Over 2,000 queer and trans people from all 50 states and the District of Columbia have signed onto two letters highlighting criticism from the LGBTQIA+ community toward Pete Buttigieg’s presidential campaign. Two autonomous groups, #QueersAgainstPete, a collective of queer people who interrupted a Chicago fundraiser for Buttigieg in January; and Queers Not Here for Mayor Pete, a group of LGBTQ community organizers across the U.S.; have both circulated open letters making the case that the LGBTQIA community deserves better than Pete.
At Friday’s Democratic debate, Buttigeig declared that “we cannot solve the problems before us by looking back.” The groups contend that we must honor the history of LGBTQIA+ communities to move forward equitably, and Buttigieg appears uninterested in doing so. Leaders within LGBTQIA+ communities—especially Black trans women—have worked tirelessly over the past several decades to push movements to value and fight for our full identities and experiences.
“Pete Buttigieg is not a candidate of the future; he erases and mocks the histories and realities of racial, sexual, and gender minorities. The LGBTQ community, like many others, faces racism, homelessness, unemployment, and a lack of adequate healthcare. In rejecting Pete Buttigieg, we don’t seek a nostalgic return to the past but a reminder that our histories persist into our present,” said Yasmin Nair, writer and activist of Chicago, IL ”We cannot solve the problems all of us face if we leave the most vulnerable behind. That’s not ‘looking back.’ It’s making sure everyone moves forward, not just the wealthiest among us.”
In their open letter, #QueersAgainstPete notes that “gaps in Mayor Pete’s platform will fall particularly hard on economically vulnerable LGBTQIA+ communities” from his opposition to Medicare for All and cancelling student debt, to his history of “tearing down hundreds of homes in Black and Latino neighborhoods in South Bend.”
#QueersAgainstPete also highlights Buttigieg’s ongoing failure to address the concerns of Black Lives Matter – South Bend, from their call to create a Citizens Review Board, to their call for Buttigieg’s resignation following Eric Logan’s murder by South Bend police. The letter cites Buttigieg’s failure to commit to a moratorium on deportations or decriminalization border crossing, and his disregard for the voting rights of the over 230,000 queer and trans people who are currently incarcerated. #QueersAgainstPete also stands with Chelsea Manning and criticizes Buttigieg’s stance that she should remain in prison for blowing the whistle.
In an essay, Queers Not Here For Mayor Pete contrasts issues important to the LGBTQIA+ community such as affordable healthcare and housing with Buttigieg’s embrace of donations from Wall Street and billionaires, earning him the nickname #WallStreetPete. In a second essay on his racial justice track record, the group noted the highly disproportionate marijuana arrests of Black people during Buttigieg’s tenure, an issue also raised in Friday’s debate.
Queers Not Here for Mayor Petecompare Buttigieg’s campaign to that of recently-elected out lesbian Chicago Mayor Lori Lightfoot. The #StopLightfoot campaign, created by a diverse group of LGBTQ organizers, challenged her record on policing, immigration, housing, and ties to Islamophobia. She has backtracked on many of her more progressive campaign promises, and we are sure Buttigieg would do the same. “Just because someone may share our identity, it does not mean they will show up for the most marginalized and those most in need of attention within our community,” wrote Queers Not Here For Mayor Pete.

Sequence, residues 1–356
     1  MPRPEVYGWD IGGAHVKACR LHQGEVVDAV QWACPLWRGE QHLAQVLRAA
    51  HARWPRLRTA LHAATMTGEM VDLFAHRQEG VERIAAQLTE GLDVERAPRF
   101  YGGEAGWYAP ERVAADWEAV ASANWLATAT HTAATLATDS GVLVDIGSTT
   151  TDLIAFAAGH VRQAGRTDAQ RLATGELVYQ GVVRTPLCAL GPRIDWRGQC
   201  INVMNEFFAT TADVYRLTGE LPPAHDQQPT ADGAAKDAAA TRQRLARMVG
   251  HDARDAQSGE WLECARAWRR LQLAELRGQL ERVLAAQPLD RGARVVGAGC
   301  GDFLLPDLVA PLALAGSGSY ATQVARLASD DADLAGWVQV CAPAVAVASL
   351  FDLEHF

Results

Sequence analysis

“Buttigieg has no record fighting for targeted or marginalized peoples and shows little sign of that changing—he surrounds himself with the likes of Big Pharma, CIA veterans, and billionaires,” said Harper Bishop (he/they), a co-founder of Queers Not Here For Mayor Pete based in Buffalo, NY. “We aren’t homophobic or self-hating. He has been bought-out, and we just don’t see his candidacy as a sign of collective liberation.”
#QueersAgainstPete and Queers Not Here for Mayor Pete are not the first LGTBQIA+ individuals to view Mayor Pete’s campaign with skepticism. A November 25 poll released by Out magazine shows Mayor Pete placing fourth among LGBTQIA+ voters. Jacob Bacharach, Yasmin Nair, Shannon Keating, Max S. Gordon, Rich Benjamin, and George Johnson all published critiques of his campaign from a queer lens. Rather than address concerns being voiced by the LGBTQIA+ community, Mayor Pete has decided to plug his ears. When confronted with criticism from LGBTQ media, Pete said “I can’t even read the LGBT media anymore.”
“Queer and trans people deserve a President who listens to our concerns, not one who runs from them,” said Ian Madrigal (they/them), an organizer with #QueersAgainstPete based in Washington, D.C. “While former Mayor Buttigieg boasts about the historic nature of his campaign, every step along the way, he has made the conscious decision to back policies that harm the very communities he claims to represent. Pete may be queer, but we know he is not here for us.”
#QueersAgainstPete is a collective of queer people against Mayor Pete Buttigieg’s candidacy for president. We believe the LGBTQIA+ community deserves better than Pete. Follow @QueersAgnstPete on Twitter.
Queers Not Here for Mayor Pete is a community that believes that the foreparents of LGBTQ liberation set the bar high and Buttigieg’s candidacy doesn’t even come close. Follow Queers Not Here for Mayor Pete on Facebook.